In the summer of 2018 Black Mountains Archaeology and ArchaeoDomus completed several very successful community archaeology projects at Rhossili, Gower, under the Heritage Lottery Funded (HLF) Gower Landscape Partnership Project. Working with the National Trust, Swansea Council, Swansea University and the Royal Commission on the Ancient and Historical Monuments of Wales we provided training and support in archaeological/historical research, historic building recording and archaeological excavation. The volunteers were also taught hand auguring of the Vile medieval fieldsystem. We delivered a very successful ‘TimeTeam’ style archaeological excavation on the Warren Deserted Medieval Settlement with volunteers. One of the most exciting activities was the experimental archaeology project. A medieval corn drying kiln (oven) was built and fired by the volunteers using only traditional techniques to the medieval period.
We kicked off the project with a launch event at the Worm’s Head Hotel, Rhossili. We had some great speakers and the day was well attended. Richard Lewis (Black Mountains Archaeology) introduced the project, the background to previous investigations and discoveries at Rhossili, and the research aims and community benefits of the project. Ross Cook (ArchaeoDomus) took us up to morning coffee with his fantastic and well researched talk on the Histories in Homes: the development and dating of the house. This provided a detailed but jargon free introduction to historic buildings for the later historic building workshops.
After a refreshments break, Richard Suggett from the Royal Commission on the Ancient and Historical of Monuments Wales (RCAHMW) gave a thoroughly informative talk on the lost Churches of Wales and how the RCAHMW is identifying and mapping these rapidly disappearing ecclesiastical sites. Richard Lewis then provided a guided walk down to the deserted medieval settlement on the Warren, where he identified the besanded medieval village and the areas investigated in the 1970s by GGAT. Richard then discussed with participants the devastating effects of erosion to the medieval village and where trenches should be placed to identify surviving elements of the village outside of the Scheduled Ancient Monument Area.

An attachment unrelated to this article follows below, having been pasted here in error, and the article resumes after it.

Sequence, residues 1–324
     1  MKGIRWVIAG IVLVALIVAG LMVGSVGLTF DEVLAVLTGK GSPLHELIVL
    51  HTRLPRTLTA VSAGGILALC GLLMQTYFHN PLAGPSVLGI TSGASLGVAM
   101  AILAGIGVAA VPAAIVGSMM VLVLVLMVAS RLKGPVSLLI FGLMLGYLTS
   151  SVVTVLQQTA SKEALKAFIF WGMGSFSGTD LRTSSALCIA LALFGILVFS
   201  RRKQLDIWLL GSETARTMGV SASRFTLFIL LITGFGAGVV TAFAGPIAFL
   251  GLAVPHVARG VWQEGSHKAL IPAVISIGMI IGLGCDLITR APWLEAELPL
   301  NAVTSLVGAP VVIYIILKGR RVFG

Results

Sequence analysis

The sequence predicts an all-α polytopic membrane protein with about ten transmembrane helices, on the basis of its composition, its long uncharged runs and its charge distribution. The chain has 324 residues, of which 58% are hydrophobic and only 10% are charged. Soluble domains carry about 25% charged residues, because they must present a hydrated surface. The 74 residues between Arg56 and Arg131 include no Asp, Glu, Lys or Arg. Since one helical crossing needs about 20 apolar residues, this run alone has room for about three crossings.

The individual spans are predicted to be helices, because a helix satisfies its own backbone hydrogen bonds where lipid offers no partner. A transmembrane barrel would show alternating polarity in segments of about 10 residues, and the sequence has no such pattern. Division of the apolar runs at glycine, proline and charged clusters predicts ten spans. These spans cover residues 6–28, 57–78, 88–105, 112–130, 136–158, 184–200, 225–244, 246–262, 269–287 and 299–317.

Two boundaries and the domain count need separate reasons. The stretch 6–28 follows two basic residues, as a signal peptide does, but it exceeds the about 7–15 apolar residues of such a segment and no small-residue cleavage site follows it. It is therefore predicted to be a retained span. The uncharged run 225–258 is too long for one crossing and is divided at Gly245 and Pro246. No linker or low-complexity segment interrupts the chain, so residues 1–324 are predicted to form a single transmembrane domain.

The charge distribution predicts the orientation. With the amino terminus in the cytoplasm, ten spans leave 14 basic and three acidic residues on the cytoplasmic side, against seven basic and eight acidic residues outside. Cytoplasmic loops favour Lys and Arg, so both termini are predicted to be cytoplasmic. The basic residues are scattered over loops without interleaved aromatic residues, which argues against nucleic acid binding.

After a fine lunch at the Worm’s Head Hotel, Jon Dollery (RCAHMW) gave a very interesting talk on GIS: Mapping the Landscape. Jon discussed the work the RCAHMW was doing georeferencing historic mapping on to modern and terrain maps, creating 3D terrain models of the past and the use of open source software, such as Quantum GIS, as a vehicle for the mapping.
We wanted to dispel the myth that archaeological research was the purview of the archaeologist. So, by providing the introductory talks and workshops we introduced the participants to archaeological and historical investigative techniques. These sessions were followed up with practical workshops teaching the participants a range of archaeological and historical investigative skills. The training workshops were divided up into ‘How to be an Armchair Archaeologist’, ‘Introduction to the West Glamorgan Archives’, ‘Introduction to Buildings Archaeology and Measured Survey Techniques’ and ‘Written Records: How to write up a building’.
The workshops provided transferable (into the workplace) baseline skill sets for the practitioner to empower them to carry on this type of research on their own. The workshops also provided the foundation, in terms of historical and archaeological knowledge, for the archaeological investigations on the Vile Medieval Fieldsystem, the Deserted Medieval Village on the Warren and building survey of the The Sanctuary, Penrice.